Wage and Hours In The Workplace

With wage and hour filings increasing by over 450% in the last 15 years, and with the Federal Department of Labor (DOL) boasting its recovery of a record $304m in owed wages to employees for fiscal year 2018, it’s not wise to ignore the importance of compliance with today’s wage and hour laws.  To add fuel to the fire, in January 2018, the DOL raised the amount it would assess for certain violations, including wage and hour violations.  So, if your head is spinning, you’re not alone – following the myriad of regulations and compliance requirements for employers can be challenging – but is not impossible.

Following good pay practices, keeping abreast of changes, and applying common sense will go a long way. Below are a few important pay practice reminders related to non-exempt (hourly-paid) employees in the State of Arizona:

  • Maintain accurate records of all hours worked.
  • Pay employees for all time that is recorded and worked.
  • Require employees to obtain supervisory approval prior to working overtime.
  • Administer corrective or disciplinary action for someone who works unauthorized overtime, but don’t withhold compensation, even if the time was not authorized.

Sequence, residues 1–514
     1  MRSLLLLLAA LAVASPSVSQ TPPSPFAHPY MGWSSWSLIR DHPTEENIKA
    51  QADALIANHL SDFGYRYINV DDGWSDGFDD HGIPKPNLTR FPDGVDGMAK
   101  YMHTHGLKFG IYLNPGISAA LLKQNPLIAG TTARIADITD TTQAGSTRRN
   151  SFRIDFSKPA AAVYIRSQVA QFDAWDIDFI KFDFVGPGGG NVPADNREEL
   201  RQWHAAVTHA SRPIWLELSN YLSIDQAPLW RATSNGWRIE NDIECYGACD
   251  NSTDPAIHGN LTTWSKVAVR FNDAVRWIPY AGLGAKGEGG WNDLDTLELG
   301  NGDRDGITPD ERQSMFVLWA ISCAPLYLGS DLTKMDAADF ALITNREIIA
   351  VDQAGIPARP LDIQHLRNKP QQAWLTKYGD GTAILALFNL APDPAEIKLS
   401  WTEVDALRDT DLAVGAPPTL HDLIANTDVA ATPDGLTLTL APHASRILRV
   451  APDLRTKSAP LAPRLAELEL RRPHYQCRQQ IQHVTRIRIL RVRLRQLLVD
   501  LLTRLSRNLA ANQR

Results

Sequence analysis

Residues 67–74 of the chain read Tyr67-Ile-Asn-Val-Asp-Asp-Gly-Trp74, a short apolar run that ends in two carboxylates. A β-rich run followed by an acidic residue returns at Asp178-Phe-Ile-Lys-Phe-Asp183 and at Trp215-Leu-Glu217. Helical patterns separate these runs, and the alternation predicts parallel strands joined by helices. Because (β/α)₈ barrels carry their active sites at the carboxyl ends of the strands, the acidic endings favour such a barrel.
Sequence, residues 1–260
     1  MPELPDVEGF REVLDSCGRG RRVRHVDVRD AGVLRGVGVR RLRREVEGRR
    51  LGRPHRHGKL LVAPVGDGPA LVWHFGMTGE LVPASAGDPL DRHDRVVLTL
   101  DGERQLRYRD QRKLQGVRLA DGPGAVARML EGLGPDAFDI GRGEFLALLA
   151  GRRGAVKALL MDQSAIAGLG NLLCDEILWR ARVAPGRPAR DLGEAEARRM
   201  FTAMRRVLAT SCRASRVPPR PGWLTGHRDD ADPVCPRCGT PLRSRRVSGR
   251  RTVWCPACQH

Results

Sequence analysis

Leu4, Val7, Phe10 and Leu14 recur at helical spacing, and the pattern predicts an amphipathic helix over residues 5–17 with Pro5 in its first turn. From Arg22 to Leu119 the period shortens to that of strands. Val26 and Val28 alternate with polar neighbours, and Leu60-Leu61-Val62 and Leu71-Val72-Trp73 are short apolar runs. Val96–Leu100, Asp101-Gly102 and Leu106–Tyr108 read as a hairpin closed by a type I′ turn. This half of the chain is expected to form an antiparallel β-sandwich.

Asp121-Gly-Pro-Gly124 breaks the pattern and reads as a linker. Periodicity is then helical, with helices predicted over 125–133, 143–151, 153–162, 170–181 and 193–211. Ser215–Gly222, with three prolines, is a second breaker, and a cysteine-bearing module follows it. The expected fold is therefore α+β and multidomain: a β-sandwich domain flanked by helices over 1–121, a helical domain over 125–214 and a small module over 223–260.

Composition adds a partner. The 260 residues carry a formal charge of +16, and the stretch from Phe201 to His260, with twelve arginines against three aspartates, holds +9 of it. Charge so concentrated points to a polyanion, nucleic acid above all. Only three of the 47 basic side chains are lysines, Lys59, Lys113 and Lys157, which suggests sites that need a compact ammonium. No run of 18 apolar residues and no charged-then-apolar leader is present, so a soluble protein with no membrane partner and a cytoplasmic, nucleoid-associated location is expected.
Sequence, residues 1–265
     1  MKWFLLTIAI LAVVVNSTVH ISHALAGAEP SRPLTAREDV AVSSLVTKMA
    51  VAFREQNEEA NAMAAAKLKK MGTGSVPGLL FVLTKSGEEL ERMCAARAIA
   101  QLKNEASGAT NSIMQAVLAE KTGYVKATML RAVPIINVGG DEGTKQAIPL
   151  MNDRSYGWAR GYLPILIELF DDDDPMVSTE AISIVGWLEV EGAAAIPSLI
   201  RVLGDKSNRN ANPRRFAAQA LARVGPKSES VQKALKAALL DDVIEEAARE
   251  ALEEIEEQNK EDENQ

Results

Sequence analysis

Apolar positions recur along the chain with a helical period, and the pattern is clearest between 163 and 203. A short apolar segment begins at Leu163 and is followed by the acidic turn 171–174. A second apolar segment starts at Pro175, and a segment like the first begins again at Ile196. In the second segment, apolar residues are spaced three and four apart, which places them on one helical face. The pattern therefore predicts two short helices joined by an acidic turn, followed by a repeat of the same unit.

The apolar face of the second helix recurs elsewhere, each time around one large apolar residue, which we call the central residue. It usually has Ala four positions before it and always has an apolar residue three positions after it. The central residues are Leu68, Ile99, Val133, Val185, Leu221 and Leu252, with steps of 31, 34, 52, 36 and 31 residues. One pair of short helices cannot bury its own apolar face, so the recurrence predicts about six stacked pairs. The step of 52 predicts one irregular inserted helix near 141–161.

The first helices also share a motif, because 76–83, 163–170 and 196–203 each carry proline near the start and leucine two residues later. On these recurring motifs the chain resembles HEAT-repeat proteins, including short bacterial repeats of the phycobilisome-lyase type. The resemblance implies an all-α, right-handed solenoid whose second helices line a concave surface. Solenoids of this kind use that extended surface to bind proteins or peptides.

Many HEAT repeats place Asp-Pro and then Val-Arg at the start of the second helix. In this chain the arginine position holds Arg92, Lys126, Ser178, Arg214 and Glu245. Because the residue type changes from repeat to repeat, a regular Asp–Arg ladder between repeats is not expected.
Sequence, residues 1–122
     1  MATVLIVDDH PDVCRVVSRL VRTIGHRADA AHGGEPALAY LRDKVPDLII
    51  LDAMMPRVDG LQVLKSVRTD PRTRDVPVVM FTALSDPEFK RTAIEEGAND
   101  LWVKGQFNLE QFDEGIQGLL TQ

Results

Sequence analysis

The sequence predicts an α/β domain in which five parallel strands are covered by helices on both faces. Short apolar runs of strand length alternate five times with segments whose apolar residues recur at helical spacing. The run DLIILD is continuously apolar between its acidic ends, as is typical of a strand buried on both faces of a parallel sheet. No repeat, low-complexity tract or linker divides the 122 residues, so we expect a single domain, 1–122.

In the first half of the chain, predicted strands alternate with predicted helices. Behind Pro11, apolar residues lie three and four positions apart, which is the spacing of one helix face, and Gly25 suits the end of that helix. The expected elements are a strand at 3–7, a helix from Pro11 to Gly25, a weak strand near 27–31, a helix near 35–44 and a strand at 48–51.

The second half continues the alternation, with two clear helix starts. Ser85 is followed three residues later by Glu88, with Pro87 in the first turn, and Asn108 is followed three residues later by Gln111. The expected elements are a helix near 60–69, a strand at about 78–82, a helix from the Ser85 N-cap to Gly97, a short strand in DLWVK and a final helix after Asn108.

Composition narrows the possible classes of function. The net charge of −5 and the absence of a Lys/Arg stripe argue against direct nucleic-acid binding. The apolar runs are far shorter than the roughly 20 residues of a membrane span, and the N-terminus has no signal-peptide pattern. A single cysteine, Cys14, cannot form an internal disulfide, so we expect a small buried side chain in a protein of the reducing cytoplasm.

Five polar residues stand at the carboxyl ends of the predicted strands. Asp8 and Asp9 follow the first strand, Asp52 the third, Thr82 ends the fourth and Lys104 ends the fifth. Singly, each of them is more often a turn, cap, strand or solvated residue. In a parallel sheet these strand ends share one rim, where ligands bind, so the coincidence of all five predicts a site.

• Do not “bank” or carryover overtime hours to use later. Overtime must be considered hours worked and paid within the established work week.
  • Include nondiscretionary bonuses (e.g., productivity or performance) in the regular rate of pay for overtime calculations. This may mean retroactively adjusting overtime pay when bonuses are paid after the fact, such as quarterly or annual bonuses.
  • Ensure that all employees on your payroll (full-time, part-time, temporary) earn paid sick time applicable for your employer size.
  • Follow federal regulations to know when employees are required to be paid when traveling during the work day or out of the area for training and/or other business-related reasons.
  • Neither Federal nor Arizona law requires that employers give adult workers a lunch or break period. But, if given, break periods (usually those lasting 20 minutes or less) are generally compensable, while bona fide meal or lunch periods (usually those lasting more than 30 minutes) do not need to be paid provided the employee is relieved from all work.
  • Employees who are discharged from their employment, need to receive their final pay within seven (7) working days of the termination or the next regularly scheduled pay date, whichever is sooner.
  • For employees voluntarily resigning from employment, final payment is due no later than on the next regularly scheduled pay date.

Setting up and following proper payroll procedures for non-exempt (hourly-paid employees) is critical to avoid making costly mistakes and ending up being a DOL statistic.  For more information on wage and hour requirements, visit the Department of Labor or the Industrial Commission of Arizona.


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